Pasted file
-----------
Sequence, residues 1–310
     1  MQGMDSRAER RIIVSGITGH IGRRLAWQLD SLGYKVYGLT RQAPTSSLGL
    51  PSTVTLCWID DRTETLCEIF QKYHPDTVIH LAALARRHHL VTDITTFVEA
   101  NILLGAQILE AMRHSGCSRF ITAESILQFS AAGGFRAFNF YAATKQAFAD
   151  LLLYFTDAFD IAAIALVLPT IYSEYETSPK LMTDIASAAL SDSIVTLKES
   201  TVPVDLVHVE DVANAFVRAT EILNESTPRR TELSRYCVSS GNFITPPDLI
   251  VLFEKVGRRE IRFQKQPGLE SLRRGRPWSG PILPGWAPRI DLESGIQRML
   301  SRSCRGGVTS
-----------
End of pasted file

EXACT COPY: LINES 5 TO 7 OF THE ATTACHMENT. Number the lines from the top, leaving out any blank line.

   151  LLLYFTDAFD IAAIALVLPT IYSEYETSPK LMTDIASAAL SDSIVTLKES
   201  TVPVDLVHVE DVANAFVRAT EILNESTPRR TELSRYCVSS GNFITPPDLI
   251  VLFEKVGRRE IRFQKQPGLE SLRRGRPWSG PILPGWAPRI DLESGIQRML